FKA Twigs is the stage name of singer/songwriter Tahliah Barnett, who together with a team of some of the best producers working in pop music (Blood Orange’s Devonte Hynes, Clams Casino and Paul Epworth of Adele/Coldplay fame, among others) come up with one of the most brilliant debut records of 2014. What at first sounds like icy, alien R&B ends up feeling amorous, empathetic and intriguing to no end. Songs like “Lights On” at first sound not so out-of-time, fitting in nicely with the adventurous alt-soul stylings of The Weeknd or current Beyonce, but the songs are continuously chewed up and breathed back out into wondrous concoctions that bear little resemblance to anything else out there. Vocally, Barnett calls to mind someone working to effect change within the mainstream like Aaliyah once did as much as she does weirdos like Yma Sumac and Bjork (especially on the bold “Preface”), her airy voice warping into new dimensions yet latching onto reality on the touching “Two Weeks” and suddenly coming through clear as day as she pleads with sexual abandon through classic soul phrasings for a would-be lover amid analog-sounding robotic textures. As much as FKA Twigs is a product of a time in which introspective artists who allow for empty space to permeate their music are the norm, from The XX to How to Dress Well and James Blake, Barnett’s music feels more fun to listen to and not at all dreary, even if mostly downtempo. “How would you like it if my lips touched yours?” she suddenly entreats in the laser-streaked “Hours” and it’s hard not to think of some fantastical Janet Jackson comeback. “Video Girl” is more direct, asking “is she the girl from the video?” (Barnett has a background as a backup dancer in music videos) as Barnett goes on to prove she’s a lot more than that through stunning lead and layered vocals while the song’s lush, post trip-hop music sways and lurches sensuously. But “Pendulum” will no doubt be her entrÃ©e to most audiences, as the Epworth production literally knocks on your door with its stuttering beat and introduces a girl capable of delivering a Prince-level combination of heartache and confidence while keeping sly pop hooks on the backburner right until they’re ready to sizzle. It makes you happy to be listening to pop music in this day and age when something so exciting as this will bubble to the top.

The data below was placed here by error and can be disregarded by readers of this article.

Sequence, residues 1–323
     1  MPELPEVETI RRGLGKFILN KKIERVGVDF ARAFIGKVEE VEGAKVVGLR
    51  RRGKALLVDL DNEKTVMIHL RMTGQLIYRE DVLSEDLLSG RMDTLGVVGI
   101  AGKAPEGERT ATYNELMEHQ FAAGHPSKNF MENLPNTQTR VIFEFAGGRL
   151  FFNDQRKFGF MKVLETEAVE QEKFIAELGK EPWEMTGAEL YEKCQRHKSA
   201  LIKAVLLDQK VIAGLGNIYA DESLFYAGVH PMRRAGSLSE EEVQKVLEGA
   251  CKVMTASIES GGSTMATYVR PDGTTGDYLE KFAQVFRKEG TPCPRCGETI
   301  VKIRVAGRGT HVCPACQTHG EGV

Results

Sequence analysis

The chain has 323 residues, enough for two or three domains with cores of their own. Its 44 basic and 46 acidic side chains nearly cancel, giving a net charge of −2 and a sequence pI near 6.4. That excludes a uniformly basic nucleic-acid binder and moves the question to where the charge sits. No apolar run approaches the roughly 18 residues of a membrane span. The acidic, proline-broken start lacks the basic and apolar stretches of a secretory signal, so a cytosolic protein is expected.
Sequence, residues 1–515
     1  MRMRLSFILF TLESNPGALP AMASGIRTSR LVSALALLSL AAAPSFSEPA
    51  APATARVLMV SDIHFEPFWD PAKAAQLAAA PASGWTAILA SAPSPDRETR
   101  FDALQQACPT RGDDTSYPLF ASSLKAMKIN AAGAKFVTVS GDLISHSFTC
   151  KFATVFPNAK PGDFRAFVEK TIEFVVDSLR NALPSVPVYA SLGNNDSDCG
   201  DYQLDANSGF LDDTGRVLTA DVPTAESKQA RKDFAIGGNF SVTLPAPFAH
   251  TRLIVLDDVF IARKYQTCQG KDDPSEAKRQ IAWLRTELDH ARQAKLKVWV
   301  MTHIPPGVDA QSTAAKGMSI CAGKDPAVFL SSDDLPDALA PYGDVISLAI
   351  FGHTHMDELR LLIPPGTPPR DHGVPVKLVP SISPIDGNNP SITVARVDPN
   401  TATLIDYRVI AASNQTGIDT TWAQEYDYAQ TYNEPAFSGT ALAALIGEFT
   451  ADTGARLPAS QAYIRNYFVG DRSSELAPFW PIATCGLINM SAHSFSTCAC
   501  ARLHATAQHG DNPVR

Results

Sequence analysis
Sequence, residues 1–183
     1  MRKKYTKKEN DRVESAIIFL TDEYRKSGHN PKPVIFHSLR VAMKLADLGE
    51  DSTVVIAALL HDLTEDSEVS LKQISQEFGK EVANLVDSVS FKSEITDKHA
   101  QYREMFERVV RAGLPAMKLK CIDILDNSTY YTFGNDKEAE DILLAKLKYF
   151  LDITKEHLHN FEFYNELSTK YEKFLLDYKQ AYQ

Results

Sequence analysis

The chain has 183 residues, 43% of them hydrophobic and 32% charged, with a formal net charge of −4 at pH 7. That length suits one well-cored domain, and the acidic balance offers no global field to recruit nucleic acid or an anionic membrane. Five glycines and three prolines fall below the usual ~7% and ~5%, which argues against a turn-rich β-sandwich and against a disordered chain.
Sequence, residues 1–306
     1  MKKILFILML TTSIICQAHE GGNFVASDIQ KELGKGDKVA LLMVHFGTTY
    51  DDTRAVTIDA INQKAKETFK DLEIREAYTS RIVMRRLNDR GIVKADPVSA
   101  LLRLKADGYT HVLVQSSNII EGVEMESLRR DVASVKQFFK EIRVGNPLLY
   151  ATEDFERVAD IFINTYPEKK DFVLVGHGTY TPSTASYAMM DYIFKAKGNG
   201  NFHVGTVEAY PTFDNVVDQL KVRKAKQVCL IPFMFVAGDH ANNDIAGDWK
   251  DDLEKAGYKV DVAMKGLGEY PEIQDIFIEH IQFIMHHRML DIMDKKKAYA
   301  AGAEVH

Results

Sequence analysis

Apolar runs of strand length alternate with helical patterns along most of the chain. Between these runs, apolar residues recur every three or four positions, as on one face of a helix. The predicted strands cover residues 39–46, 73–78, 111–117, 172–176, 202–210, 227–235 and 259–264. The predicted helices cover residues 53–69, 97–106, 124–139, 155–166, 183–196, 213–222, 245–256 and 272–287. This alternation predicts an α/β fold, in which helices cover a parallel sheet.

Producer David Fridmann (The Flaming Lips, Mercury Rev) ends up being the perfect collaborator for Austin’s Spoon on their excellent eighth album. His unmistakable stamp helps the drums explode on rock stomper “Rent I Pay”; he augments the band’s lean indie funk-rock sound with harps and synths on the lovely “Inside Out”; and “Do You’s” loopy spaceiness helps make it the best Britpop song that never was, like late-era Blur on a country kick. Of course, none of the album’s majesty would be possible without the band itself, who co-produce (along with early producer Joe Chiccarelli) and write some of their catchiest tunes to date, and that’s saying something, given that this is the band responsible for earworms like “The Way We Get By.” The band stretches itself to the limits here without straying too far from its core appeal, as songs like the slinky, dark “Outlier” sound unlike anything in the band’s catalog but (pardon the pun) don’t stick out in a bad way. The melodies and arrangements are ace throughout, and frontman Britt Daniel becomes more versatile, engaging in a kind of beatnik singspeak on “Let Me Be Mine” while still unleashing those great, sandpapered pipes to their fullest potential on the chorus of “Do You.” It adds up to one of the best-ever releases from one of the solidest bands in indie rock, a total triumph and utterly welcome return. Spoon will be playing live at Amoeba Hollywood Wednesday Aug. 6 at 6 p.m.!
Shabazz Palaces 2011 release Black Up is undoubtedly one of the best, most exciting hip-hop releases of the new millennium. So we waited with bated breath for this second release from Ishmael Butler (one of '90s alt hip-hop greats Digable Planets) and Tendai Maraire, and Lese Majesty does not disappoint. The album is a sweltering blur of chilled-out beats, sparkling synthesizer tapestries and spacey rhymes that echo through your head. The 18-track album has a prog-like massivity to it, making it fun to get lost in—you can listen to Lese Majesty three times in a row on repeat and never get sick of it, nor will you fail to discover something new. But if you need a good entry point into their weird, wonderful world, I'd recommend the bizarrely catchy beats that hook you in "They Come in Gold" or the funny and fast-paced "#CAKE," with its layers of vocals and strange diversions. Now all I'm gonna do with the rest of my day is eat cake and listen to Shabazz Palaces. I wish! Back to work ... but honestly, this is one of the best things anyone's put out this year. Shabazz Palaces play Amoeba SF tonight at 6 p.m.!